While bar charts, line graphs and simple numbers are hardly capable of providing the defining answer to many economic, social and political questions, they are certainly a good way of obtaining a general overview of any particular subject.
Each month the Business Supplement will look into a brace of statistical information and provide readers with what we consider to be the central elements of these figures.
Cost of living in the most expensive cities
It used to be that the “Big Mac index” was a good indicator of the cost of living in various cities around the world. This compared the cost of a McDonalds Big Mac in various places and adjusted them for the exchange rates back to U.S. Dollars.
However a more comprehensive index tracks the cost of 160 products and compares them to the price in New York City, which has a baseline score set at 100. Places that achieve a score of over 100 are more expensive than the baseline; those with a score of less than 100 are cheaper.
Not surprisingly there are only a few places in the world that are more expensive than New York.
Singapore claims the accolade of being the joint most expensive city in the world with a score of 102. Hong Kong and Osaka also attained a score of 102. Paris and Zurich both have a score of 99.
Tel Aviv is also an expensive place with a score of 97 in the index.
Los Angeles comes in at 96, tying with Tokyo, and Geneva is in the 10th place on the top 10 list at 96.
India was one of the cheapest countries in the world and had three cities that scored less than 50 in the index.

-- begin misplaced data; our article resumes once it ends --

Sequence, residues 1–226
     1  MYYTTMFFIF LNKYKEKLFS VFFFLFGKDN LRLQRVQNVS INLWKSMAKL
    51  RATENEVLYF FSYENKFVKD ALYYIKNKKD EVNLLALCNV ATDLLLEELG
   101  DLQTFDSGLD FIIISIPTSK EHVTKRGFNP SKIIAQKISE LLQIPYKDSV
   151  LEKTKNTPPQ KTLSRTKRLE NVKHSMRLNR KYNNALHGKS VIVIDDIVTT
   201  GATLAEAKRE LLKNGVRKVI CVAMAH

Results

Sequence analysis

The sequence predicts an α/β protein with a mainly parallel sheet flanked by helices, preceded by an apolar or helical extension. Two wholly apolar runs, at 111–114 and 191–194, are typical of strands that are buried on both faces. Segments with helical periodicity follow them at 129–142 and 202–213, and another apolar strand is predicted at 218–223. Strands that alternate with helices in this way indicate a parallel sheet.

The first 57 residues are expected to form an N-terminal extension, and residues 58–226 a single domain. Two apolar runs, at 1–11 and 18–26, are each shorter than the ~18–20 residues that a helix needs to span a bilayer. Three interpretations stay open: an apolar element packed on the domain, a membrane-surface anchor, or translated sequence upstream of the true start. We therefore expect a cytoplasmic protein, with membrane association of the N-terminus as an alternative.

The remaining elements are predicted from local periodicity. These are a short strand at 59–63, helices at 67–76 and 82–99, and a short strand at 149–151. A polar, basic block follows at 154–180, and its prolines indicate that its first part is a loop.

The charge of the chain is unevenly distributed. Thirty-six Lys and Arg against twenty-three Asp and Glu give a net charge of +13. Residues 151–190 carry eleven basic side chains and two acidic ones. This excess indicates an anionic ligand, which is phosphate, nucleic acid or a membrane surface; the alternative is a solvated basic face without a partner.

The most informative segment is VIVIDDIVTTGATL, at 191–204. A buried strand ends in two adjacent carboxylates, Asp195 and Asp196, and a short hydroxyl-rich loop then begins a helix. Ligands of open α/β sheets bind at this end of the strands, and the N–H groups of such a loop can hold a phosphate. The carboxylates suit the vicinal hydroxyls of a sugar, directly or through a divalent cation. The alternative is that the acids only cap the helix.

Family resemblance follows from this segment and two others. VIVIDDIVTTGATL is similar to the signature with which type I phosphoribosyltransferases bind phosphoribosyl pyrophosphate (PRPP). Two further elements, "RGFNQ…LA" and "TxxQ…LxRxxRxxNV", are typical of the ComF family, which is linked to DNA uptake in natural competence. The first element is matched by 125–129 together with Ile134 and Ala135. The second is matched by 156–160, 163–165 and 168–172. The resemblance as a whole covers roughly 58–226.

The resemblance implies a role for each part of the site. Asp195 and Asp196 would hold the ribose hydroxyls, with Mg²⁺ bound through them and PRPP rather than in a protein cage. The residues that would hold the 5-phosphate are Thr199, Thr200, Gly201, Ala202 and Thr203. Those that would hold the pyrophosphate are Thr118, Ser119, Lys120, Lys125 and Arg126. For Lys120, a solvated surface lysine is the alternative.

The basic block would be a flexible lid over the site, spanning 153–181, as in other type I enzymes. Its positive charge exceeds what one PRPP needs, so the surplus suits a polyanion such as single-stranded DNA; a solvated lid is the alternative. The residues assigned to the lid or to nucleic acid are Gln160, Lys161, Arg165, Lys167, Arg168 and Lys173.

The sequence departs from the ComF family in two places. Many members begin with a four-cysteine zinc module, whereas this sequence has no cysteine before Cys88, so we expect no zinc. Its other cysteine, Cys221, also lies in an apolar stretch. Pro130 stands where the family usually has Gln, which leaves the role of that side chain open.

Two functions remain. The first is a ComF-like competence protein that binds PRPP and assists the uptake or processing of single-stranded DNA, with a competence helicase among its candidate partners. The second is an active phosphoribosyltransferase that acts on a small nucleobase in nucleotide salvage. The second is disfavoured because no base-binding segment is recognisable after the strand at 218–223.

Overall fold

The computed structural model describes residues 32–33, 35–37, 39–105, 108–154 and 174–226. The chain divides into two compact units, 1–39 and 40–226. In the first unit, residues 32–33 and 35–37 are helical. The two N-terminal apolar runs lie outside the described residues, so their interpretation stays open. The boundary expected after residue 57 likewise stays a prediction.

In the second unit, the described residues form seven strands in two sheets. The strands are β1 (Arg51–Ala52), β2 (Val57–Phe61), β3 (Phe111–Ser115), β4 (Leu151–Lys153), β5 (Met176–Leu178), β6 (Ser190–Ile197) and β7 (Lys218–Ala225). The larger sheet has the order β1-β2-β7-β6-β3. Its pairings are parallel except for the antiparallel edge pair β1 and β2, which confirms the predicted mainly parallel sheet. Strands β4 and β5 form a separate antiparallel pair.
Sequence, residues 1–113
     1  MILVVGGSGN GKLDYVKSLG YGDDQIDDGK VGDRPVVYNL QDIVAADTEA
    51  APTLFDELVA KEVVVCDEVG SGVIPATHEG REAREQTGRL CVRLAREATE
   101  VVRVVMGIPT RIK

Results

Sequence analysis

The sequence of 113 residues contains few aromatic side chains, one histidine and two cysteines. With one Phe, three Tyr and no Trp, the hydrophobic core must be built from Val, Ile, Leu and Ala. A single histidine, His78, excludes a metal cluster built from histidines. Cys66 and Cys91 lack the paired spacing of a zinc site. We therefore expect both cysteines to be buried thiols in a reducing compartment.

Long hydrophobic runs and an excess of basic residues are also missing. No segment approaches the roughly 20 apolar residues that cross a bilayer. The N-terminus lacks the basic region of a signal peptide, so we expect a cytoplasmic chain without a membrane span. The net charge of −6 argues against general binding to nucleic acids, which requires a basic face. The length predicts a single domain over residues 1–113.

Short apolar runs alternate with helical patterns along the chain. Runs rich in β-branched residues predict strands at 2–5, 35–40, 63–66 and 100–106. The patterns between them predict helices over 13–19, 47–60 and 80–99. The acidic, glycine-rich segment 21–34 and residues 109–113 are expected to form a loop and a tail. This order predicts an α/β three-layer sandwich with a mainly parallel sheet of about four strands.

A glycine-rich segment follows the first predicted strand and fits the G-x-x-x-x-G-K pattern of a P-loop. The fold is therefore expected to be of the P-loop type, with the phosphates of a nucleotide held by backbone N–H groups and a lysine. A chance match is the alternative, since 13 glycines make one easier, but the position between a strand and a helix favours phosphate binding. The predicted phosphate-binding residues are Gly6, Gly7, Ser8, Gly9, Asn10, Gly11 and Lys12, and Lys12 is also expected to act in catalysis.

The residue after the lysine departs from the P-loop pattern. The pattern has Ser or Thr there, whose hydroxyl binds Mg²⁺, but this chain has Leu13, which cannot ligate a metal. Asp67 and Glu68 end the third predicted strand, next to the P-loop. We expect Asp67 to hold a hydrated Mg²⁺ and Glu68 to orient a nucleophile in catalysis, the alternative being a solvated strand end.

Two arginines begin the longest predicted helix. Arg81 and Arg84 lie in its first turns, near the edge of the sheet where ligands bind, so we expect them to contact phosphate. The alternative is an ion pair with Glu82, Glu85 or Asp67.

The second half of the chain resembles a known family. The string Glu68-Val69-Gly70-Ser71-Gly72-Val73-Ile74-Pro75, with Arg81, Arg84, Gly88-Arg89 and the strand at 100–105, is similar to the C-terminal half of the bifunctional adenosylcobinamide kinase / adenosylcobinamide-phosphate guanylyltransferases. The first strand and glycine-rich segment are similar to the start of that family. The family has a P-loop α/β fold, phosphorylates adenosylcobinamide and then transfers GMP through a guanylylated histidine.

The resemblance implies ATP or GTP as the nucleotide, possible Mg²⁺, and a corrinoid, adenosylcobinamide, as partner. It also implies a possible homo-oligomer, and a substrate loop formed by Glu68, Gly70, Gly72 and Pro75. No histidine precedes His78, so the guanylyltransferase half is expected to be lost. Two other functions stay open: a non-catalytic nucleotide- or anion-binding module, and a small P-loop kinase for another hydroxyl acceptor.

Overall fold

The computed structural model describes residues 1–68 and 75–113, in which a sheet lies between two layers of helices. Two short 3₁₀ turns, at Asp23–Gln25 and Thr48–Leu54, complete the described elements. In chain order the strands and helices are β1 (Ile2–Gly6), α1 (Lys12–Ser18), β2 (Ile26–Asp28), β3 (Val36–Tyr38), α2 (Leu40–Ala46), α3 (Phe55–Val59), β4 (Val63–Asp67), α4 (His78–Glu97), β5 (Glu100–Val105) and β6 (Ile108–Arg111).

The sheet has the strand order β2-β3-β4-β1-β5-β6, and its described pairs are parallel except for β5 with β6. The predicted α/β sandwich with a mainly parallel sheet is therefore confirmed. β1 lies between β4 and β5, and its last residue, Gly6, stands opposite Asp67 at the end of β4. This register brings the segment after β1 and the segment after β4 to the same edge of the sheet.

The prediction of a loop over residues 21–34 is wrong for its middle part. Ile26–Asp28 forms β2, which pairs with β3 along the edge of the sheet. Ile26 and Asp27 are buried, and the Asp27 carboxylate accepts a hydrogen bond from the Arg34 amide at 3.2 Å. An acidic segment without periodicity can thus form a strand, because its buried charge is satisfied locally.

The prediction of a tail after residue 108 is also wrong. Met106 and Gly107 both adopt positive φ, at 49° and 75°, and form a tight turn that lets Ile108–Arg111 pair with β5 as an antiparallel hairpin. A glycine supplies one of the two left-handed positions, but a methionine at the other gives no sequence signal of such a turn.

Still some way from Gender Parity
According to a recent report that measures gender equality, the world is far from closing the gender gap. The report was based on a survey that covers 153 countries worldwide and included questions on political empowerment, educational attainment, health and survival and participation and opportunity.
A score of 1.000 in the report indicated gender equality was reached.
Iceland lead the way with a score of 0.877, followed by Norway in second place with 0.842.
In the 3rd 4th and 5th positions worldwide were Finland, Sweden and Nicaragua, with cores of 0.832, 0.820 and 0.804 respectively.
In the Asia Pacific region, the country with the best score was New Zealand coming in at 0.799.
The Philippines took the second position in Asia with a score of 0.781. The country ranked 16th worldwide. Thailand scored 75th on the worldwide rankings with a score of 0.708, ahead of Indonesia in 85th place at 0.700 and Vietnam in 87thposition also scoring 0.700.